December 13, 2004


All that glisters (Buttonwood, Nov 30th 2004, The Economist)

It used to be that gold bugs touted the yellow metal’s credentials as a hedge against inflation. But the link was anyway pretty feeble, except for currencies with hyperinflation. And though consumer prices have risen a bit this year, it would be hard to make the case that inflation is about to roar anywhere in the developed world. Why, then, is gold prospering at a time when inflation is low? Perhaps it reflects nothing more than the fall in the dollar: gold transactions are denominated in dollars, and in euros the rise in the gold price has been anaemic.

However, there is no law that says a falling dollar must translate into a rising gold price. Apart from a rise in demand for jewellery, the rise in the price of gold may, at the margin, reflect demand for real, hard assets, as opposed to the paper sort. And the reasons are not hard to find, for across the developed world, debts have escalated alarmingly in recent years—and in America not least, hence the vast and growing current-account deficit. While central bankers are generally trusted not to “monetise” these debts by rolling the printing presses, history would suggest that this displays a touching naivety. As James Grant, publisher of an eponymous financial newsletter, and the most erudite of the gold bugs, says: “[Alan] Greenspan, the figurehead of the dollar, was trading at three times book in the late 1990s; I think he may return to book value.” Or lower.

Gold’s virtue, says Mr Grant, is that it is a monetary metal, because of its scarcity and, of course, its history. Actually, Buttonwood can’t help feeling, gold’s history counts against it. Of all the metals, the market for gold is probably the most rigged. It is because of history that central banks hold in their reserves almost a quarter of all the gold that has ever been mined. They would like to sell at least some of it, but the vast amount that they hold means doing so would drive the price down. In 1999, central banks therefore came to an agreement to restrict gold sales. The agreement—or cartel, if you will—was extended in September. But it would presumably be torn up if the gold price rose sharply: the Bank of France said this month that it wants to offload some 500 tonnes over the next five years.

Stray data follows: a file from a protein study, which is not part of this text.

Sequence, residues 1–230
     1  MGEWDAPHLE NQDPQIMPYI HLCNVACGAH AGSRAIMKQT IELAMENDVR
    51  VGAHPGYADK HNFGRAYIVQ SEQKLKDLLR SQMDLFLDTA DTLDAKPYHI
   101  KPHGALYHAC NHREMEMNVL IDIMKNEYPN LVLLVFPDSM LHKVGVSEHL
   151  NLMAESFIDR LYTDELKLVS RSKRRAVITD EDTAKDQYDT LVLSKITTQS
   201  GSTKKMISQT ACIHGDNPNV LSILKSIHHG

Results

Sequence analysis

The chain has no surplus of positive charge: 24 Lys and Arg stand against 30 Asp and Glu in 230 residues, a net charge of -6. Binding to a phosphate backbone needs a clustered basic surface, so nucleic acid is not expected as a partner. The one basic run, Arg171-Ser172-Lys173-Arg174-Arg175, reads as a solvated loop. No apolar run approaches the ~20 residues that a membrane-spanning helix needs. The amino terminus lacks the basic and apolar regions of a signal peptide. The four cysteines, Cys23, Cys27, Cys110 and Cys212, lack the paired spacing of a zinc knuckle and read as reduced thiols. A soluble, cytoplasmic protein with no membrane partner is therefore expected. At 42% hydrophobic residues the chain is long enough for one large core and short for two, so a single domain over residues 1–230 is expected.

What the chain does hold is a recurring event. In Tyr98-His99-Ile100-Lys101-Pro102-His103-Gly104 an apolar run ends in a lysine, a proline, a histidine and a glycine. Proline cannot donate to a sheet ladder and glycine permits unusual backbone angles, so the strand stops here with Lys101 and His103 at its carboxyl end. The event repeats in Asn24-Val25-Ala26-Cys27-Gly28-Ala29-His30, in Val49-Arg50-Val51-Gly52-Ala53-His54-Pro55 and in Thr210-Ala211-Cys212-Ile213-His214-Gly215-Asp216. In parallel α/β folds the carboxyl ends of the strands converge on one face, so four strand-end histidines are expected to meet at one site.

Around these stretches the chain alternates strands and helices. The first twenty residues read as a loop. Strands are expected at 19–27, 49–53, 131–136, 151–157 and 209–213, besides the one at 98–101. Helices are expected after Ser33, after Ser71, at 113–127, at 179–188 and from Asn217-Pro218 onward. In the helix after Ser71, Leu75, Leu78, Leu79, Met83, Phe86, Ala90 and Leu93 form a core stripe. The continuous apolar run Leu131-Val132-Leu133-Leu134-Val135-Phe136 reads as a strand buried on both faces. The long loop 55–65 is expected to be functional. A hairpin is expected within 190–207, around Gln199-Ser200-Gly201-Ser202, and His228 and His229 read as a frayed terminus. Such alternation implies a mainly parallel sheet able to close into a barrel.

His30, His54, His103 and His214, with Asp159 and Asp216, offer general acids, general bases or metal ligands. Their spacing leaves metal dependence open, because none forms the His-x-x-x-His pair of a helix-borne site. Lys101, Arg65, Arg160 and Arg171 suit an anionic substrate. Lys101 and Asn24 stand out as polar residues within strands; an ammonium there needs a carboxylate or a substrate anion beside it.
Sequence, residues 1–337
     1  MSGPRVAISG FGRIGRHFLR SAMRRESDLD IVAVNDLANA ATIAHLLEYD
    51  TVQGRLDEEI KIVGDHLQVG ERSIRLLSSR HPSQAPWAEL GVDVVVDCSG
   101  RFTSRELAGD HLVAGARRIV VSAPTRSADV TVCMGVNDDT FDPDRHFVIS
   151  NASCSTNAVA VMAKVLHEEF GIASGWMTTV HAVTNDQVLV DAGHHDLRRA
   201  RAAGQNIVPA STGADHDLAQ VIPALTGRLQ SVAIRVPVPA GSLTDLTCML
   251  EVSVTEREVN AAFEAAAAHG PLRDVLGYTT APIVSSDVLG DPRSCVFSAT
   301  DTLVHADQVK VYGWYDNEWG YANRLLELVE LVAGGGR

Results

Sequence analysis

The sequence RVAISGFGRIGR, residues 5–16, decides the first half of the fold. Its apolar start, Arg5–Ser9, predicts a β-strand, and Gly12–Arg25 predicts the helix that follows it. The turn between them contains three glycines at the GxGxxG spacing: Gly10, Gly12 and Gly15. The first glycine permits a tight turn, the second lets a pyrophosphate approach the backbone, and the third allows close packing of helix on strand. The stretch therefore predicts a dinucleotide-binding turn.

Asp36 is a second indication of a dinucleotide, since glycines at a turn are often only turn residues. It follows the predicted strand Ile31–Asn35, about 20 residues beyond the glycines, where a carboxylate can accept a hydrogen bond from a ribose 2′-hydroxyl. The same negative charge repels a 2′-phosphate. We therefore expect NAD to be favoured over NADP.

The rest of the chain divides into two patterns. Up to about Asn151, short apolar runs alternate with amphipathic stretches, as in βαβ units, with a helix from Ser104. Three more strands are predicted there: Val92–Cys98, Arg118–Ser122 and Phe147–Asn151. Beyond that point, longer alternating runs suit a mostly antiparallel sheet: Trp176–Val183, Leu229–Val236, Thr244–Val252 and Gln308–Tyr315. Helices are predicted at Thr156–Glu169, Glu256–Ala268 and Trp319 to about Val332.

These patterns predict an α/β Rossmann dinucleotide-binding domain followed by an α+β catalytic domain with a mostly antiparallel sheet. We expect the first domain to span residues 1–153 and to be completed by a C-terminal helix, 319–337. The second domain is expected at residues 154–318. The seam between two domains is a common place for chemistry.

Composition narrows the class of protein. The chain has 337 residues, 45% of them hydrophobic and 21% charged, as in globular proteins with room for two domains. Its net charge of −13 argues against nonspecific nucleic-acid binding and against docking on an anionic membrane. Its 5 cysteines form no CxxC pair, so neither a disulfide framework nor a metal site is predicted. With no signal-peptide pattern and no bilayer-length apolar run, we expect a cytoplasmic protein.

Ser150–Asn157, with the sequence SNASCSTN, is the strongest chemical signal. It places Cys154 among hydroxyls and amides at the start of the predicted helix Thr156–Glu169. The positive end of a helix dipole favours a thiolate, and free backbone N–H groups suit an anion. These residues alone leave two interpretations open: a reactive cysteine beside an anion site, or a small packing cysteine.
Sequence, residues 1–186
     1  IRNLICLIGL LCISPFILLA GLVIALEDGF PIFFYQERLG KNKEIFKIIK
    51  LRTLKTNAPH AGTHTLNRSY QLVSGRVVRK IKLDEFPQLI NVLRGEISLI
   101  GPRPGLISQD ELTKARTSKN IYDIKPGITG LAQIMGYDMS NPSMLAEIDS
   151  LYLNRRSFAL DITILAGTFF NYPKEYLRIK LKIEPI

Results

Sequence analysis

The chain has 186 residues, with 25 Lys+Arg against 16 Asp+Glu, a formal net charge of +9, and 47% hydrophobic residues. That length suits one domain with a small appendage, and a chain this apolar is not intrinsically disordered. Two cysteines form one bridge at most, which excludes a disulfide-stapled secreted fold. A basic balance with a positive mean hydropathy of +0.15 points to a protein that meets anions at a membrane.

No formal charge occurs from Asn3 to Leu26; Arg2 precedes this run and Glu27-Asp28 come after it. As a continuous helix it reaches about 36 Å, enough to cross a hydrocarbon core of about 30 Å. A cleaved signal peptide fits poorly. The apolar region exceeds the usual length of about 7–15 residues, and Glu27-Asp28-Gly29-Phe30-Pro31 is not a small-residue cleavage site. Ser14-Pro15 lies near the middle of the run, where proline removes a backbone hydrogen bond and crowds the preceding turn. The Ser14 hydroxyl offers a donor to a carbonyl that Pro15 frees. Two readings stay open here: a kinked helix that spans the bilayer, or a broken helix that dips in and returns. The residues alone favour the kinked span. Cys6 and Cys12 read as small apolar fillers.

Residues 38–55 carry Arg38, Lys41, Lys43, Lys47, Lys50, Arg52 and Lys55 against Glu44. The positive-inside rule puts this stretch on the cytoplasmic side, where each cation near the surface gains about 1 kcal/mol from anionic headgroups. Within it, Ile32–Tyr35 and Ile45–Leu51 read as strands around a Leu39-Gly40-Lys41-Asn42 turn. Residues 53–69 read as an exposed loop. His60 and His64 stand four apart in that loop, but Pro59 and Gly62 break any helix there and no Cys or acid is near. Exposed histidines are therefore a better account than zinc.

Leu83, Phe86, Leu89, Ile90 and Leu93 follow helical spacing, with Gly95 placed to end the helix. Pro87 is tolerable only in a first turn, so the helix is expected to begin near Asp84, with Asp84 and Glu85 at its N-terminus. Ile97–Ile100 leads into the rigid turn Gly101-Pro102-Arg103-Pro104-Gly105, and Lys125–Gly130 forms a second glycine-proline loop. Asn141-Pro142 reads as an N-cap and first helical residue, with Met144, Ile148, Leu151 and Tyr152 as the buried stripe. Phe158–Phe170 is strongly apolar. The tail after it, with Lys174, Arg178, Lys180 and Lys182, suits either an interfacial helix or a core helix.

And that would presumably limit gold’s upside.

The goldbugs and the French, perfect together.

Posted by Orrin Judd at December 13, 2004 5:01 AM

Gold, like any other commodity, will experience a price fall when suppliers or holders of gold see an opportunity to make a profit. It happened in 1660, and Spain is only now recovering from its bullionist folly, it happened in the late 70s as Bunker Hunt and pals can no doubt tell you, and it will happen again today.

Posted by: Bart at December 13, 2004 6:16 AM

"offload some 500 tonnes over the next five years"

"The goldbugs and the French, perfect together"

It would seem to the less sophisticated reader that Goldbugs and the French are on opposite sides of the market. In other words, the anti-goldbug (some on this blog) are one with the frogs.

Posted by: h-man at December 13, 2004 6:18 AM

Why, then, is gold prospering at a time when inflation is low?

It is the anticipation of future inflation.

You'll have to blame more than the French. Try the Indians and the Chinese, to boot. Or anyone with depreciating dollars on their hands that wants to preserve some value.

Posted by: Robert Duquette at December 13, 2004 10:36 AM

Bart Spain's problems were not sitting on gold. They spent every bit they could lay their hands on fighting wars in Europe and elsewhere. What cost hem so heavily was the political and social repression of the 16th and 17th centuries. Contrary to OJ the Inquisition was a Bad Thing, the price of which is only yet being amortized.

Posted by: Robert Schwartz at December 13, 2004 9:39 PM

I must disagree with both Bart and Mr. Schwartz. Spain's problem was that gold is money but it is not wealth. For the society that existed at that time, the massive importation of gold was no different than running modern currency printing presses. It greatly increased the amount of money circulating but added nothing to the actual wealth of the country. I partially agree with Mr. Schwartz that Spain's spending on wars was the direct cause, but that money was spent because the rulers thought Spain was much wealthier because of the gold, but in fact it wasn't.

Posted by: Annoying Old Guy at December 14, 2004 11:54 AM